Berkshire County: noted the challenge of families being denied EA eligibility, both DV and non-DV families. For non-DV: denials have occurred due to claims of not having a birth certificate or other verification (despite advocacy intervention). For DV families, denials have occurred due to demands for TROs or eviction summons. Jane Lindfors pointed out that these DV denials are not appropriate under current regulation and that there needs to be some clarification on current policy. Jane will follow-up with Bonnie Caldwell of DHCD and loop back to Anthia and Heather. Bonnie is extremely responsive to issues that arise and providers should contact her in the face of challenges such as these. We will check back in on this process at our next meeting.
FY17 State Budget Update:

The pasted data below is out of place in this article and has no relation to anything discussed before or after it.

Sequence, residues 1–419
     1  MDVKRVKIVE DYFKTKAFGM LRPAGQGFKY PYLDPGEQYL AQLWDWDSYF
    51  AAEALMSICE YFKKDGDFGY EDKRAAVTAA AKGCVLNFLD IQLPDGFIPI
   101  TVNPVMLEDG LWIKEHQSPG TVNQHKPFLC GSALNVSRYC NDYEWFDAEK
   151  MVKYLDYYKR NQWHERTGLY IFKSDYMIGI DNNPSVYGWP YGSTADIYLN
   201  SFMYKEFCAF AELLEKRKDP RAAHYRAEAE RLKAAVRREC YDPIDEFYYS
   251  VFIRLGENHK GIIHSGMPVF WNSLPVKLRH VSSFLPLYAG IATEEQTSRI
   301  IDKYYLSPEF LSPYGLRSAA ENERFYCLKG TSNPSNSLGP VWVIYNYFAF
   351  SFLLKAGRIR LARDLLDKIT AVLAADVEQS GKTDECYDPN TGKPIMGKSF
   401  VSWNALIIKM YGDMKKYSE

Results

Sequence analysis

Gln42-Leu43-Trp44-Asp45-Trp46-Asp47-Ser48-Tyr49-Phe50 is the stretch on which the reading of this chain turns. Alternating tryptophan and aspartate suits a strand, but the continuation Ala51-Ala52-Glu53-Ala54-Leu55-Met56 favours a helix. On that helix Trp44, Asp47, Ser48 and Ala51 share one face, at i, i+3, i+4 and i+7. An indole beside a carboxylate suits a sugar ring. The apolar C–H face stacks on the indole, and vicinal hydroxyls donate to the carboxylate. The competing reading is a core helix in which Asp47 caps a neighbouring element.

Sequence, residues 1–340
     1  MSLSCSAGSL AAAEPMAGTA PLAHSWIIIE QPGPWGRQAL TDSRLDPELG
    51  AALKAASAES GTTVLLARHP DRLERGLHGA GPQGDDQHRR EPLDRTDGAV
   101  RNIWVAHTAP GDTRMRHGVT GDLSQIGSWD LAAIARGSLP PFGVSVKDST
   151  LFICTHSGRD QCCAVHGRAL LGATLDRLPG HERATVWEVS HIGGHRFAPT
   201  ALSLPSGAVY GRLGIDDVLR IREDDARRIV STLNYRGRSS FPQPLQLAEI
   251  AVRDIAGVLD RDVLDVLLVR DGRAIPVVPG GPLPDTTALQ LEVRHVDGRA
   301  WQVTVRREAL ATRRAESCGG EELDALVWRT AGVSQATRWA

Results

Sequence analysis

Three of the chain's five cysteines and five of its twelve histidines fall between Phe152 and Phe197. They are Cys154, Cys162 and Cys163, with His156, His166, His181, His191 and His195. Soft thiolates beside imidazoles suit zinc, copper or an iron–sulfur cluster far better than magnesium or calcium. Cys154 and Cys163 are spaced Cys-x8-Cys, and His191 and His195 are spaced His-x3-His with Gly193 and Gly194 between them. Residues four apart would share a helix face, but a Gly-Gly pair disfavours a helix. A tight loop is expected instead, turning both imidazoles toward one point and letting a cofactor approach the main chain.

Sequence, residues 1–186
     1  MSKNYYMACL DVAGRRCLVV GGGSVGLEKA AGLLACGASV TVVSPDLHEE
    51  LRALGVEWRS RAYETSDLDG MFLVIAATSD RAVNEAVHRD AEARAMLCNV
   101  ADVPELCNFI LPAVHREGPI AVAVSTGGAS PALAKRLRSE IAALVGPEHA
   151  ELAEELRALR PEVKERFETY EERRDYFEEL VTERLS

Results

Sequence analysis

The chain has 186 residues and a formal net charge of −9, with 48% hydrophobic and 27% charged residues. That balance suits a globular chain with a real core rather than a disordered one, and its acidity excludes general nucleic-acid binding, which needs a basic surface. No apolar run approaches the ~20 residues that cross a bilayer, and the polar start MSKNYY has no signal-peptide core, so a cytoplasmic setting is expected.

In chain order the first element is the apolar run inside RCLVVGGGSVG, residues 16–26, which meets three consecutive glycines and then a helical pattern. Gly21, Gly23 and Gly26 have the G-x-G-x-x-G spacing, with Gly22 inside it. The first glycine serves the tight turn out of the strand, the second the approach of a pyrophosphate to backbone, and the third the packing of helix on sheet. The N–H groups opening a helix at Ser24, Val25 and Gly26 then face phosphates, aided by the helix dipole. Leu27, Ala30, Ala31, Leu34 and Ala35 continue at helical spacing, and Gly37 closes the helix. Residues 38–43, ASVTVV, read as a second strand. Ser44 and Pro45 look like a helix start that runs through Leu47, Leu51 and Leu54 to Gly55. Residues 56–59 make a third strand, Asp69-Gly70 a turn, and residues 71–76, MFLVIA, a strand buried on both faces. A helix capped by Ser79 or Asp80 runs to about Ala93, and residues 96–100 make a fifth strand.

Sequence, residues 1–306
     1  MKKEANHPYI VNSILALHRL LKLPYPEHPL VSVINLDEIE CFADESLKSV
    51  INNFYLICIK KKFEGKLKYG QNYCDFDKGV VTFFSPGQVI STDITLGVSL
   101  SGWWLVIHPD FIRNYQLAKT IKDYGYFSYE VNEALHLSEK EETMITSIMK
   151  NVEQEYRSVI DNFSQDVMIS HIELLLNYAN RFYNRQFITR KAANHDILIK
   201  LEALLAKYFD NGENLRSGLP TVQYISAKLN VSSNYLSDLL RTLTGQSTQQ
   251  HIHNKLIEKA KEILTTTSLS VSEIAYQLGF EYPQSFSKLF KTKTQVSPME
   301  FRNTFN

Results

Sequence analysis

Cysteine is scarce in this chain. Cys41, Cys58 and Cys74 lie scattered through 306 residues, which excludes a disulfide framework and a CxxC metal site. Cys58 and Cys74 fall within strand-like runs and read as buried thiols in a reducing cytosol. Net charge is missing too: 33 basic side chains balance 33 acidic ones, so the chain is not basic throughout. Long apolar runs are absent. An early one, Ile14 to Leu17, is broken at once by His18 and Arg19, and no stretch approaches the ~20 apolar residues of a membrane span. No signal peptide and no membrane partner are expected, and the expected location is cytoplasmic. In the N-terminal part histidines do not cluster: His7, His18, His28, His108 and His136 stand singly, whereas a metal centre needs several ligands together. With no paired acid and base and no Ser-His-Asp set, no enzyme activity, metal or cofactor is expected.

Pamela updated the group on the current status of the family related Network priorities:
- Secure Jobs was funded at $500,000 in the House budget ($750,000 in the Governor’s budget). $2 million is necessary to keep the program level-funded statewide. We will pursue that funding level in the Senate budget.
- Consortium and prevention funding (via EOHHS, new programs just starting up) was not funded at all in the House budget; $1.5m in the Governor’s budget. We are working to obtain the Governor’s level in the Senate budget.
- Youth funding: Funded $1m in the House; $2m in the Governor’s budget. We will pursue at least $2m in the Senate budget.
- Expansion of HomeBASE eligibility to include DV families: in both the House and Senate budget. We will seek inclusion in the Senate budget as well.
Pamela stressed the importance of communicating with your senator when the Senate Ways and Means budget is released (5/17). Please stay tuned for action updates next week
Special Presentation on SOAR, Clare Deucher: